Since the 1770s, when Thomas McCabe and John McCracken (father of United Irishmen leader Henry Joy) installed machinery in the Clifton Street Poorhouse, enabling it to become the first cotton spinning mill in the town, North Belfast has hosted many of the industries in which Belfast led the world. As Belfast developed into one of Europe’s most important ports in the latter half of the 19th century, the docks area, not least the atmospheric Sailortown, became a bustling city within a city.
For all the wealth created by Belfast’s powerful industrialists and entrepreneurs, a legacy that can still be traced in some of the magnificent houses on the upper reaches of the Antrim Road, little trickled down to the workers themselves. Life for them, as it was generally for the working class in the United Kingdom of Great Britain and Ireland at this time, was tough from cradle to grave, with harsh working conditions and poor housing. Perhaps that explains the number of politicians with strong links to North Belfast who became renowned for fighting for social justice. Those profiled in this booklet include William Walker, Harry Midgely, Gerry Fitt and Kate Hoey. North Belfast has many unique features, including some of Belfast’s most iconic historic buildings, such as the Crumlin Road Gaol and Courthouse, the Royal Exchange Building, Clifton House and Belfast Castle high on Cave Hill, Belfast’s most famous natural feature which gave Jonathan Swift the inspiration for Gulliver’s Travels.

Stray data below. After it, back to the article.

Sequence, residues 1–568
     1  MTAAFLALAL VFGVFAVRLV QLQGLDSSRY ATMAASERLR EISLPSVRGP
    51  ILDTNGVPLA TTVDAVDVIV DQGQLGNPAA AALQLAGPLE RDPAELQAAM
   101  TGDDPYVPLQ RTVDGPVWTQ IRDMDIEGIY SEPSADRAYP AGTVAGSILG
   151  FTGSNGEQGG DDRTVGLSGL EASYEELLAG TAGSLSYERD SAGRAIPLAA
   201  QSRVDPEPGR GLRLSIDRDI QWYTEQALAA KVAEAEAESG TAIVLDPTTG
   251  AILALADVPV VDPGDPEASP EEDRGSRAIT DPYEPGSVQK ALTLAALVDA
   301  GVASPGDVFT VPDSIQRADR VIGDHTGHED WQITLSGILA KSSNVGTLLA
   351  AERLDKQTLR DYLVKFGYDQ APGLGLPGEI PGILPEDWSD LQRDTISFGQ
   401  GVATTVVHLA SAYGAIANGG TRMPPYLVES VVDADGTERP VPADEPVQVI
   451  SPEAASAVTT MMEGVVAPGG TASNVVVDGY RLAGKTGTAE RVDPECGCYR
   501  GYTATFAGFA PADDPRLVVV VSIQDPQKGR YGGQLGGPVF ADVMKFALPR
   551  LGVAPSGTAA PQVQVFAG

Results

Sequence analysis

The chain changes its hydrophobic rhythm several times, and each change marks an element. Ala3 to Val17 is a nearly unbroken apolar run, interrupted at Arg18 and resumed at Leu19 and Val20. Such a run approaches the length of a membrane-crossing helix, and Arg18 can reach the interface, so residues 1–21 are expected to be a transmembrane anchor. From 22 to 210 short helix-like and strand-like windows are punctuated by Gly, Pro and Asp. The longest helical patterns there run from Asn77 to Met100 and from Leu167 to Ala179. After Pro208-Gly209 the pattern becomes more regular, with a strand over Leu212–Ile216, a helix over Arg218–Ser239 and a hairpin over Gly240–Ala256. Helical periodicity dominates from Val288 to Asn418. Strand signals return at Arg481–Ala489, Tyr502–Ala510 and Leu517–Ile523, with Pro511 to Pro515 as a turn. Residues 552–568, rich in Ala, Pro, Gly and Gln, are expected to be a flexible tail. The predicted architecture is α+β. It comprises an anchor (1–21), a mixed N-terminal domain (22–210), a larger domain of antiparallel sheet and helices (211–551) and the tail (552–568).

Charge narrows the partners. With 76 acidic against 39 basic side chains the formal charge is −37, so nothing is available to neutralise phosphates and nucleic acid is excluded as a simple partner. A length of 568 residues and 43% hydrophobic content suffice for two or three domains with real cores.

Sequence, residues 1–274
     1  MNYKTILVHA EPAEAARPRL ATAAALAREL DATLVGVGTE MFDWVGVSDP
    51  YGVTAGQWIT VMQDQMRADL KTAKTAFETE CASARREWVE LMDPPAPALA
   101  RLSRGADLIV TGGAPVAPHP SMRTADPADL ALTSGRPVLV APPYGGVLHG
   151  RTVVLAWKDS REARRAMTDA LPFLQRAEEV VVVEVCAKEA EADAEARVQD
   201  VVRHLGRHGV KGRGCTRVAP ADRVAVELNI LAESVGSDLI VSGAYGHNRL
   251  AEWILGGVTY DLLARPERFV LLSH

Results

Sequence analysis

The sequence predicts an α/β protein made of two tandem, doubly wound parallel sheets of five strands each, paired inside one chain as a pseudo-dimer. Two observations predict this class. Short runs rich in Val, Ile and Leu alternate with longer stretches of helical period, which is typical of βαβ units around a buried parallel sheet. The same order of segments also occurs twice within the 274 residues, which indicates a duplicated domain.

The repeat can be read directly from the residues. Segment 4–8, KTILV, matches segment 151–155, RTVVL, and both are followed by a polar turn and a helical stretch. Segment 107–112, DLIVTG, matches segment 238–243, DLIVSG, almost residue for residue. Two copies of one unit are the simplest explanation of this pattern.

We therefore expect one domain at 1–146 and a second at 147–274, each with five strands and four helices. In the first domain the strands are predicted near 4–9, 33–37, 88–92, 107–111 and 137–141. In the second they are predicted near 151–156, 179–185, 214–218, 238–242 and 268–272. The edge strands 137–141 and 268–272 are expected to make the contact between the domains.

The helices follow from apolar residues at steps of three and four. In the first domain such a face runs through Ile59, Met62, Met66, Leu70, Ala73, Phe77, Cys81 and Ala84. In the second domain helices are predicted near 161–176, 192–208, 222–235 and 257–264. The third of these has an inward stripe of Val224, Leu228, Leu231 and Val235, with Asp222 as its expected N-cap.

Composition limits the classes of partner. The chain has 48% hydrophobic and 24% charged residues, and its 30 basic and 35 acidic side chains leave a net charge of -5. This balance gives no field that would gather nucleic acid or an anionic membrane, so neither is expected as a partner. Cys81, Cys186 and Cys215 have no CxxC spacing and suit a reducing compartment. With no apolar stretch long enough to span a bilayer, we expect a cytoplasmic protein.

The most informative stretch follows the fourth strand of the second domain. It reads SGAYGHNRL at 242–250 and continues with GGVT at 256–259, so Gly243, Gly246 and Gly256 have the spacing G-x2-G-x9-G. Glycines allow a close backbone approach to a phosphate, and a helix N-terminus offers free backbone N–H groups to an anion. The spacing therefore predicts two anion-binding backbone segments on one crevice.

The natural beauty of North Belfast’s outer reaches is matched by popular parks like the Waterworks, a favourite childhood haunt of many you will read about in this booklet. The area is famous for its schools and churches too, such as St Malachy’s, Belfast Royal Academy, St Anne’s Cathedral (Belfast Cathedral) and St Patrick’s Roman Catholic Church. Poet Louis MacNeice was born in the area, as were writers Sam McAughtry and Bernard MacLaverty and playwrights Martin Lynch and Gary Mitchell. Comedians Tim McGarry, Frank Carson and John Linehan, actors Stephen Rea and Ciaran Hinds, Stiff Little Fingers vocalist Jake Burns and television personality Eamonn Holmes were all ‘born, bred and buttered’ in North Belfast. North Belfast can be proud too of the many people, pre-eminent in their fields, who have links to North Belfast, a selection of whom you can read about in the pages of the booklet.
The booklet can be downloaded from this page on the site: http://bit.ly/1488zJ2
Free copies of the booklet are available from North Belfast Partnership. Phone (02) 9075 2990 or email firstname.lastname@example.org